I remember it vividly. My new cycling companion from Liverpool and I were pedaling through Poland back in 1992 when we came across this young lad sitting on the side of the road limply kicking his soccer ball as his bike lay on its side covered by the long grass on the verge.
He had a puncture and no tools nor pump. Without exchanging many words we had the wheel and tire off in seconds as the glue was drying waiting for the patch to be fitted. Our young friend was just enjoying the ride, well not literally, at least not yet.
As the wheel was put into place and the last thrusts of air were pushed into the newly-patched tube the smile grew wider on all of our faces.
The soccer ball was strapped to his rack, and with a whoop of pleasure he took off down the road kicking up dust in his wake. In that few minute interlude not much was said, but we knew his friends were waiting for him so they could play a game of soccer. Now the match would go on.
John, with whom I remained friends with over the ensuing years, hilariously recounts many of our cycling exploits in Eastern Europe in his recently-published autobiography. His story from inner-city Liverpool childhood to one of Britain’s most well-known comedians will certainly bring smiles to many faces. When we met though he was just simply a funny guy.
Recently reading his book I drew some parallels in our lives, inner-city kids fulfilling childhood dreams, and making people smile along the way, well John makes them laugh out loud. His tales made me appreciate how nothing is predestined, and to share any talent, no matter how big or small, is fulfilling and necessary for all involved.
The simple pleasure of fixing or riding a bike always makes me feel nice inside. Over the years since the bicycle re-found me in Japan in the late eighties there have been many smiles and many miles. My path as I look back is also full of greasy-handed fond memories of happy people riding off on their bikes.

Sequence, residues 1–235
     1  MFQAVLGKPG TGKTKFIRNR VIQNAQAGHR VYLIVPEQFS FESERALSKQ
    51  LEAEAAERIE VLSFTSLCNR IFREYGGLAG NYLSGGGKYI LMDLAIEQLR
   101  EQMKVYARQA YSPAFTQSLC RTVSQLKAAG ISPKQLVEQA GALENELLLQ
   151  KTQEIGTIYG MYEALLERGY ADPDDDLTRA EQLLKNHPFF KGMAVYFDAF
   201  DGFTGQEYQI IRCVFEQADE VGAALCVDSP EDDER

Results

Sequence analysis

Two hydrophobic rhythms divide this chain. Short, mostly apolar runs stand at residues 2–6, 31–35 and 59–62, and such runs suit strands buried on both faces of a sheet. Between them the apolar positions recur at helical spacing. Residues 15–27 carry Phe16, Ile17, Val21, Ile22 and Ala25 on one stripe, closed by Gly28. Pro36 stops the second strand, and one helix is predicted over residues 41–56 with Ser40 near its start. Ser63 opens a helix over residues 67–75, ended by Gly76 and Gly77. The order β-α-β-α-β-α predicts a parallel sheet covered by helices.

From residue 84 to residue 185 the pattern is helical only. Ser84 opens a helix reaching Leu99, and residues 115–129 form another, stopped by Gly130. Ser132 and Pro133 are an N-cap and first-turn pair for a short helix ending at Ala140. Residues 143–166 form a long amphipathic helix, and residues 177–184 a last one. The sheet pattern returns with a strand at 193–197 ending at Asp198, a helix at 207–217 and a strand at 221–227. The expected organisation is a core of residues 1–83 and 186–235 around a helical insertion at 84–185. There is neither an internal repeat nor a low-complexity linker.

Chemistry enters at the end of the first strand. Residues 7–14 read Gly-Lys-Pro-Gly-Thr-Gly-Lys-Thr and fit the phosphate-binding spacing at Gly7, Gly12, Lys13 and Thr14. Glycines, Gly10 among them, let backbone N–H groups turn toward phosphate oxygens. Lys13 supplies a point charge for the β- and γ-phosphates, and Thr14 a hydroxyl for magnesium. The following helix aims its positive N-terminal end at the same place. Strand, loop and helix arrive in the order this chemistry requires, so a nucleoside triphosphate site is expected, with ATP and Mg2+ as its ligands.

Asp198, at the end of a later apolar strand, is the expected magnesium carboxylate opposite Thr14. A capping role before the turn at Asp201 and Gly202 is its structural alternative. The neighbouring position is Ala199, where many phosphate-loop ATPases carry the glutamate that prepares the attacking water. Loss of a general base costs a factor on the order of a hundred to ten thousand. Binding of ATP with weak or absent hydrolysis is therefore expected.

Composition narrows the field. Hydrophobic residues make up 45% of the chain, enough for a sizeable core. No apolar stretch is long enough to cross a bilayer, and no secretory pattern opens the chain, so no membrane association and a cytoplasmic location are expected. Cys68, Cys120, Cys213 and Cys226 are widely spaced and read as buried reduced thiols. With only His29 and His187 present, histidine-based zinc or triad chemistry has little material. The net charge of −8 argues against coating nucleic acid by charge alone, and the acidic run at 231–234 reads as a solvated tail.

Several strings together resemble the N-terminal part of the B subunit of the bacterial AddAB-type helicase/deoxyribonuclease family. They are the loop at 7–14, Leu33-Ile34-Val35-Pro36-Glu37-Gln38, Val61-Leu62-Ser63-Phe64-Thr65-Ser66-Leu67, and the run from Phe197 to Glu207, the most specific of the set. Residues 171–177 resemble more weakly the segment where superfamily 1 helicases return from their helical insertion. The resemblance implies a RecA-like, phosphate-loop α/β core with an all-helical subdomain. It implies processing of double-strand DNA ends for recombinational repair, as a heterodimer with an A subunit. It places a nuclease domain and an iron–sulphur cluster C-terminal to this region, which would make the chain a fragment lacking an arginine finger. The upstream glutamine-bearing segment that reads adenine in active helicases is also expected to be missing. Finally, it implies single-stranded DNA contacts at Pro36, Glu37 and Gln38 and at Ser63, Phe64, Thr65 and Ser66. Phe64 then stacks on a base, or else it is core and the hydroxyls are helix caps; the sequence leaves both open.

My passion for the practical side of cycling has seen me tuning up rental fleets in northern Italy for accommodation in a youth hostel, fixing police bikes for beer in Mexico, helping friends open and run bicycle shops in New York, owning my own small shops in two various places on The British Isles, and most recently being down in Sierra Leone Africa for three months working with an American NGO – Village Bicycle Project.
I consider myself lucky to have on and off worked in that industry for well over twenty years now. I have seen big changes in the modus operandi of the bicycle trade, but more than that I have seen many smiles.
Yesterday when I got back home I came back to my excited daughter running up and telling me we had visitors. I saw, sitting on our small terrace in the dappled sunlight, two unknown faces and pitched up in the garden a tent with two bicycles leaned on a tree.
When the cyclists pulled up with the loaded bicycles my wife Angie assumed it was something to do with me as it wouldn’t have been the first time I brought home stray travelers to come and stay, but no, this time it was providence.
The young couple had recently left their previous lives behind, emptied their apartment and set off on two wheels each to find a different way of life. The apartment in Strasbourg and the nine to five routine wasn’t fulfilling them on a deeper level so they headed down to the Pyrenees to cut a different path. They just randomly chose our house to ask to put up their tent. I was brought back in my memory to a younger hairier version of myself on a similar quest.
Pierre’s bike had a few brake glitches. Fortunately we found and fixed the problems. A small adjustment and a product called ‘Cable Magic’ dripped down the housing helped sort it out. Just like that young Polish lad John and I had the pleasure of helping all those years ago, a broad smile came to Pierre’s face as he pulled the brake lever saying “Much better!”
Dinner was eaten out on our picnic table. My son Louis was chatting away to Pierre’s girlfriend Melanie about school, bicycles and whatever else he could find to talk about. My daughter Francesca was still smiling enjoying new faces at the table, and my wife Angie was spooning out a lovely warm dessert of apples from our friend’s tree and blackberries from the surrounding brambles baked together nicely in the form of a delicious crumble.
The weather was that beautiful October evening you couldn’t call in and order any better. I looked down at my greasy hands, relishing in the beauty of the moment while listening to the birds flutter in the surrounding trees. I glanced over to Pierre’s smiling face and thought to myself, the simple pleasures are so wonderful, and I want to consciously remind myself just how special they are!`